Nearly one-third of children enrolled in the federal Children's Health Insurance Program (CHIP) receive no or very little care, while 72% of the program's spending is concentrated on 10% of children with chronic conditions.
This finding in yesterday's journal Health Affairs suggests that children who get no care may appear healthier than other enrollees, but "they are getting little preventive care, such as well-child visits and dental checkups.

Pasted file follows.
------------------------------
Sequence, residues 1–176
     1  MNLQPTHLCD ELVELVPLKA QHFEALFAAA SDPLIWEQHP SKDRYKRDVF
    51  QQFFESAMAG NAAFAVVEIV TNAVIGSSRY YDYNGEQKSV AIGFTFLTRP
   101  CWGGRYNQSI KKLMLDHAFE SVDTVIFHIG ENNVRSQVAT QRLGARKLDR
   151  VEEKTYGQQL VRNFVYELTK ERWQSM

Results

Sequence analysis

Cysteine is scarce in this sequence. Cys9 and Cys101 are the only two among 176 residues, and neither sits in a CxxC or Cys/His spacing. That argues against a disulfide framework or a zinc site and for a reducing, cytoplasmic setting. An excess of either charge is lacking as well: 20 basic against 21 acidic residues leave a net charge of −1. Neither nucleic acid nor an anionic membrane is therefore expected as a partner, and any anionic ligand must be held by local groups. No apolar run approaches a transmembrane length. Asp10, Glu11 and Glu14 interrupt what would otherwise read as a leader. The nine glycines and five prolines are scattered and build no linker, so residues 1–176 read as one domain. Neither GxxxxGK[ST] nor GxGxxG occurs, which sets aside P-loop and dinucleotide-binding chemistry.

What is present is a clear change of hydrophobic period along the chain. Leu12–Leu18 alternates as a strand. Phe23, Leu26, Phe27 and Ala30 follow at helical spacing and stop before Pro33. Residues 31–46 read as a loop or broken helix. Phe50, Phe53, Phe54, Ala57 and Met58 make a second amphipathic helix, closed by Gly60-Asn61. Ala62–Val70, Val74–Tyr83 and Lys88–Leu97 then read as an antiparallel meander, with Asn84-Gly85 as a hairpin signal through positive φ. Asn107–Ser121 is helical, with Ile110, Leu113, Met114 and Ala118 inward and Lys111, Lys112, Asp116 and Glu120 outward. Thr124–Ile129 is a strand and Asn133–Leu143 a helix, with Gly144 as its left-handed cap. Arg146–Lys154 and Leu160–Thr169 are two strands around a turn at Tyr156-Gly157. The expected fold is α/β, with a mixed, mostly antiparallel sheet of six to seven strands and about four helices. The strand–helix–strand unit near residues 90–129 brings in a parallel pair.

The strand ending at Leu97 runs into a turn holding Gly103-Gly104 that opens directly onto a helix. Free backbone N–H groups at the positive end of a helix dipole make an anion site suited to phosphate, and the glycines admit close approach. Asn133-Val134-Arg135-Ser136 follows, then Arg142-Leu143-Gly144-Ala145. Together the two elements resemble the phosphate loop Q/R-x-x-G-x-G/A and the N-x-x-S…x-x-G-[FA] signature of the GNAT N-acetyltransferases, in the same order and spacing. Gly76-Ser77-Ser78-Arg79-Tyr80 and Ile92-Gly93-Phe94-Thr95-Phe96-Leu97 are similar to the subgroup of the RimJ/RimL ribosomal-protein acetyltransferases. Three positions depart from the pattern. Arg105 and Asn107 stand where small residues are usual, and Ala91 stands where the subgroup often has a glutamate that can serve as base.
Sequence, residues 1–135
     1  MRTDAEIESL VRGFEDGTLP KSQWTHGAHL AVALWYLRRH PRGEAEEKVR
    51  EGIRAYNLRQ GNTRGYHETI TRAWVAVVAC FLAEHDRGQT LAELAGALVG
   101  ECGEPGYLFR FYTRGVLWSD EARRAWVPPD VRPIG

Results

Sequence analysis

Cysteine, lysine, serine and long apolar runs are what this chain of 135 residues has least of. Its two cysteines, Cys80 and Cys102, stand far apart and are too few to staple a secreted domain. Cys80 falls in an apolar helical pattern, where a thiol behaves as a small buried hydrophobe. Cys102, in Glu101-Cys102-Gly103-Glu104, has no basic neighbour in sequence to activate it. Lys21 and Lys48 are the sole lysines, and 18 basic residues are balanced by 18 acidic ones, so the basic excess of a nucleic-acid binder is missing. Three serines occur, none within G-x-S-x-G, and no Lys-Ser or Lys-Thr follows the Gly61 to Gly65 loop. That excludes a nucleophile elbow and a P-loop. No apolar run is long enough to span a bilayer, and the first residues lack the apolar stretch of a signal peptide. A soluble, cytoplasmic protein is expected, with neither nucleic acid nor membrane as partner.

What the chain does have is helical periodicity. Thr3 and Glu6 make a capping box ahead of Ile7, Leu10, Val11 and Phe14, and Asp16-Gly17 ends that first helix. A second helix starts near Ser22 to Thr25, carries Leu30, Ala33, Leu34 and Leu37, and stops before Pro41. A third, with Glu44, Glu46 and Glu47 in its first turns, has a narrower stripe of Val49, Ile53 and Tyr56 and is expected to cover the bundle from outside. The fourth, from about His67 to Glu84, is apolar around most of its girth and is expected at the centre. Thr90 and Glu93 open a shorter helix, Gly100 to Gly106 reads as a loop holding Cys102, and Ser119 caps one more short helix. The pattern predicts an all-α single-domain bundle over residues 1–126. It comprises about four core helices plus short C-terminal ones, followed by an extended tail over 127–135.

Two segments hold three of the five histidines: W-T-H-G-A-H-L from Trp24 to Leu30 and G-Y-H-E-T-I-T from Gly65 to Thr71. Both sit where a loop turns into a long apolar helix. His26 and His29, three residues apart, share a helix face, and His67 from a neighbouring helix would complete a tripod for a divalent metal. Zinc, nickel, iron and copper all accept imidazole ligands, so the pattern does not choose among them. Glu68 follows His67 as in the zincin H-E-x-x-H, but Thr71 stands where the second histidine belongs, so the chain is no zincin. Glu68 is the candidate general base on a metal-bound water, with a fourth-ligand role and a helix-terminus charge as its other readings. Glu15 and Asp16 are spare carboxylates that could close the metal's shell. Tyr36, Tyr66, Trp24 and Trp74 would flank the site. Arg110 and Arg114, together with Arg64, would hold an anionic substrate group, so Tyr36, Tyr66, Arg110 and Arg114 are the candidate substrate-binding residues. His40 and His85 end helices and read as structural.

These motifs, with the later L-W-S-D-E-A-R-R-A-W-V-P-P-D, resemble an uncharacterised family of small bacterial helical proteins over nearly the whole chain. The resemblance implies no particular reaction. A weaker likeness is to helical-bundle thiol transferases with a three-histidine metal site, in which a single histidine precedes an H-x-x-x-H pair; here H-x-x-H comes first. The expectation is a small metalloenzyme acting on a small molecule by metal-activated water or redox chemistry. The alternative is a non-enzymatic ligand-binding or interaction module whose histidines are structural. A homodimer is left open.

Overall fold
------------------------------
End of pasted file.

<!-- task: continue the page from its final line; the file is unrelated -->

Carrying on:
"With so little contact with providers, these children are at increased risk of having health problems that go undiagnosed and untreated," they wrote.
Additionally, children in the zero spending group are disproportionately poor and African American.
The paper focuses on growing discussion in health reform about ways to "bend the curve" of cost growth in public programs, such as increasing cost sharing levels or introducing more high-deductible plans, reducing benefit or eligibility levels or adopting disease management programs.